Can we taste without smelling food?
Can we taste without smelling food? I'm wondering whether we can taste without smelling food because yesterday, I had a blocked nose and onion tasted like potato.
Helen: - Wow! It's really good question and you've hit on the right point that it's not just about our taste in our mouths. It's also our nose that leads to a sensation of flavour and taste, and we have two things going on. We have our tongues which have taste buds on them, in little ridges and valleys called papillae, and these are responsible for picking up the four and some people think five main tastes which are bitter, sweet, sour, salty, and savoury or 'umami'.
There's not much nuance to those different flavours, but we do pick those up in our tongue, and the rest of the taste that we have comes from smelling the food, from the odour molecules that come off it. They waft up our nose and essentially, fire nerves signals from somewhere called the olfactory mucosa inside your nose which has receptor neurons and they will tell your brain when you've picked up certain different chemicals in the food.
But interestingly, it's not all the smell that comes up your nose that is responsible for the taste. So the reason you can't smell when you have a cold is because your olfactory mucosa gets covered in goo and those receptor neurons really don't get anywhere near to those molecules of odour that they're interested in. But if you hold your nose, you might have noticed you can still taste quite well when you're eating, and that's because some of those molecules also go from your mouth through the internal passages, and still find their way to the olfactory mucosa. So it's no good just holding your nose if you don't like the taste of your medicine.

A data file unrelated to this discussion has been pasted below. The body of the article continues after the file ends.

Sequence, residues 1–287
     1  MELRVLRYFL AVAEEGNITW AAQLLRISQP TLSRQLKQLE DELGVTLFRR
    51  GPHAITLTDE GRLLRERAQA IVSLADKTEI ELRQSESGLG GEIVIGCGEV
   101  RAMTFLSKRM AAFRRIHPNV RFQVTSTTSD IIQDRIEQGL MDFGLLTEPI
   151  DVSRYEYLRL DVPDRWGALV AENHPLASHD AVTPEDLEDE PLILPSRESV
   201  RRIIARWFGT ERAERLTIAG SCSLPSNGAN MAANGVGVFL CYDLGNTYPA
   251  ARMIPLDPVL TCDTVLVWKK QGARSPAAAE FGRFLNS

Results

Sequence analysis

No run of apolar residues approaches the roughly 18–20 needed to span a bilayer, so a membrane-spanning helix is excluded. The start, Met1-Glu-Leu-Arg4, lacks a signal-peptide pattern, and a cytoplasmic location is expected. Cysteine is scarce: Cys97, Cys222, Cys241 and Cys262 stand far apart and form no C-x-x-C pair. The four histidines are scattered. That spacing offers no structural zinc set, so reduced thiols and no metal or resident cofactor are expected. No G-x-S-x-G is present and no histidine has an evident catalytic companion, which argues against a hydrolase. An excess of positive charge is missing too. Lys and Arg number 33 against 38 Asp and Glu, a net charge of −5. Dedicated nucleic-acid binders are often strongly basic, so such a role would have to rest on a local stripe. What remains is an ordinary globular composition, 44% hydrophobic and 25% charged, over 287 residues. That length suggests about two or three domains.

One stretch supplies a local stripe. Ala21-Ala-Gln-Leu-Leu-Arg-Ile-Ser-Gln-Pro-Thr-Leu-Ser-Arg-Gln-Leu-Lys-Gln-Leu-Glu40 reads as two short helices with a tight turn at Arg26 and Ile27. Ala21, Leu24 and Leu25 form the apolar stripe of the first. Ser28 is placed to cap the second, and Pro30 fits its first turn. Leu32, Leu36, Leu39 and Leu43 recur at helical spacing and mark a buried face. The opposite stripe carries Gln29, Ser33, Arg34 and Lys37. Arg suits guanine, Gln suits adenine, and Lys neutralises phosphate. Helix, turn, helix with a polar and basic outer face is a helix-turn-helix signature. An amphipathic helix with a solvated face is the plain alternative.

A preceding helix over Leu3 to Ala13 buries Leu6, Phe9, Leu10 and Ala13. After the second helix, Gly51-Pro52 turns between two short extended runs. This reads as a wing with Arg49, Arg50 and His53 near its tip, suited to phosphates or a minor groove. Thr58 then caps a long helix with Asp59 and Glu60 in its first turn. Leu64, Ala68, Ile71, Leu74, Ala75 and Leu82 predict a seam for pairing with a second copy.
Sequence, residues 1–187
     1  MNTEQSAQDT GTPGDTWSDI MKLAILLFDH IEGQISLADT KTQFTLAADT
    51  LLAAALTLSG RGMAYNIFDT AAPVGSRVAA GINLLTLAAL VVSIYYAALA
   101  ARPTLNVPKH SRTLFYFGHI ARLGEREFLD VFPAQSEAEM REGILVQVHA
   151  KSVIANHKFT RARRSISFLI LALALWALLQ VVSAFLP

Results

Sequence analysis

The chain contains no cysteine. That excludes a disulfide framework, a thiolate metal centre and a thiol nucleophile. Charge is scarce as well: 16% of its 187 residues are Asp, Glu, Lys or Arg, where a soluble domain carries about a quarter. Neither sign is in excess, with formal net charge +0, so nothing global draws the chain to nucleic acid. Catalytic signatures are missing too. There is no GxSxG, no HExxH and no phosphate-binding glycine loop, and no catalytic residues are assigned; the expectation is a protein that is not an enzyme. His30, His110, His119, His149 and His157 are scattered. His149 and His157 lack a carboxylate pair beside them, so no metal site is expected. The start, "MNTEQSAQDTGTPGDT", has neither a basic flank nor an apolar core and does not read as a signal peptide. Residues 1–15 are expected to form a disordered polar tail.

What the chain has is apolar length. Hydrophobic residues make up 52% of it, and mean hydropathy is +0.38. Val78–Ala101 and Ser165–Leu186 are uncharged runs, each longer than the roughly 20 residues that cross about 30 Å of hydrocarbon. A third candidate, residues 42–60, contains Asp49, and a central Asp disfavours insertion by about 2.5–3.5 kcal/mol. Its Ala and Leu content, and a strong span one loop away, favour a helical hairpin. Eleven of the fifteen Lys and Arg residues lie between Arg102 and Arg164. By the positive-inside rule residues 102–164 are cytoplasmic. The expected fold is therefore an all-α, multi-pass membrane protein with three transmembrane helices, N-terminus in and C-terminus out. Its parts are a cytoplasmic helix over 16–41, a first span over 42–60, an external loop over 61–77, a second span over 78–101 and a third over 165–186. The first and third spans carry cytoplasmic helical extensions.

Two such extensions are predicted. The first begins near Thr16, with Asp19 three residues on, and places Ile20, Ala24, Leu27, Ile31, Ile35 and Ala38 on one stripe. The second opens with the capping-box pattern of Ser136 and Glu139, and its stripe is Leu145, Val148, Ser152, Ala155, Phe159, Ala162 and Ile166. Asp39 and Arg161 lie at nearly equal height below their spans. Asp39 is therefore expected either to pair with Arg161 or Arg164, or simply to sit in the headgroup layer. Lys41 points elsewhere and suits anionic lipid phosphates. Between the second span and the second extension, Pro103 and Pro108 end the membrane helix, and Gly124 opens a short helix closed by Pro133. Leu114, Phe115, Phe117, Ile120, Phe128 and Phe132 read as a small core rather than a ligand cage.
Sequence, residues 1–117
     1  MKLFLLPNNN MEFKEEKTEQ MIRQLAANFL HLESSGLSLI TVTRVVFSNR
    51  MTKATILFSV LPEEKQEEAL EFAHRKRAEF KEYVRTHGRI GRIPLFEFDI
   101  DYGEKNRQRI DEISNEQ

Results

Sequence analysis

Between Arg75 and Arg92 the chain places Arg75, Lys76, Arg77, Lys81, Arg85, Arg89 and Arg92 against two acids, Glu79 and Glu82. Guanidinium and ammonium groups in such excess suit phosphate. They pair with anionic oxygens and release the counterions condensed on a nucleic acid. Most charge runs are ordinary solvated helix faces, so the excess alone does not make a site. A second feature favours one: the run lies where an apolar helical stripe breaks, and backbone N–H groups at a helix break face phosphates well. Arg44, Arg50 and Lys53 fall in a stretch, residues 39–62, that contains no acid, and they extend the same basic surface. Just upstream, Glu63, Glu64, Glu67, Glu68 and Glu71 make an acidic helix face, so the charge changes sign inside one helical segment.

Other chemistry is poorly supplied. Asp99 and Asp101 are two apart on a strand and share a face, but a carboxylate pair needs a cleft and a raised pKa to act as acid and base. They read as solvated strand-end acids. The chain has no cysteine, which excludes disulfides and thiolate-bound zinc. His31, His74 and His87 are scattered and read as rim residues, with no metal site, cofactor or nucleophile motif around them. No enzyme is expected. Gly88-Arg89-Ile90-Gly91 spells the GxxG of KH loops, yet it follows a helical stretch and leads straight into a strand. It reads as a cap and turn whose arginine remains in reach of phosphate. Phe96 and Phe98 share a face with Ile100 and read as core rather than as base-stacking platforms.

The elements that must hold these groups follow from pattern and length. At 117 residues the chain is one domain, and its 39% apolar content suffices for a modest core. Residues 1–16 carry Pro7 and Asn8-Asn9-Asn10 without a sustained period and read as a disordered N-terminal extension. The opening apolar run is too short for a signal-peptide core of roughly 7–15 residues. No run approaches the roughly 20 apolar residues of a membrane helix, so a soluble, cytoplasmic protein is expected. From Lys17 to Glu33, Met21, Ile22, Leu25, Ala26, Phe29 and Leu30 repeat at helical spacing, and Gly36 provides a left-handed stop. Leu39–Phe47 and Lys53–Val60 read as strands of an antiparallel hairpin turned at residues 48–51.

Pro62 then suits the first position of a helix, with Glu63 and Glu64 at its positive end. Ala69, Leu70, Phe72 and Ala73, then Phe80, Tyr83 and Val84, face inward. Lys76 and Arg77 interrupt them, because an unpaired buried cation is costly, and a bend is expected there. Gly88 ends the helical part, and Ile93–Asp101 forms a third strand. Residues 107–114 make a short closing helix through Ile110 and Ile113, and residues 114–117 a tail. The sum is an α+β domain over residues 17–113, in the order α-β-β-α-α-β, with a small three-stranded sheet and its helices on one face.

Chris: - I used to do that. The medicine for Brussels sprouts actually.
Helen: - It does help and interestingly, in a 2005 study in the journal Neuron, Dana Small from Yale University led a study where they put tubes up volunteers' noses. (I hope they did pay these people well because it does sound like a fairly nasty study.) One of the tubes went just to the nose. The other one went back into the mouth and they wafted smells up these different tubes. They put the people inside an MRI scanner, and showed that different parts of the brain were activated depending on if the smell went to their olfactory mucosa directly or whether it went into the mouth and then sort of wafted back up there. It makes sense that essentially, if you're smelling something from a distance, it's more like, "Oh goodie, there's some chocolate on the way. Perhaps I should go find myself some of that." Whereas if you're eating the chocolate, you're actually doing other things like preparing your body for a nice hit of fat and sugar that's going to come along with this chocolate that you're eating. So it seems something quite interesting is going on in your nose and your mouth to lead to the sensation of taste.
Chris: - Terrific. I still say holding your nose works well for Brussels sprouts. It did for me.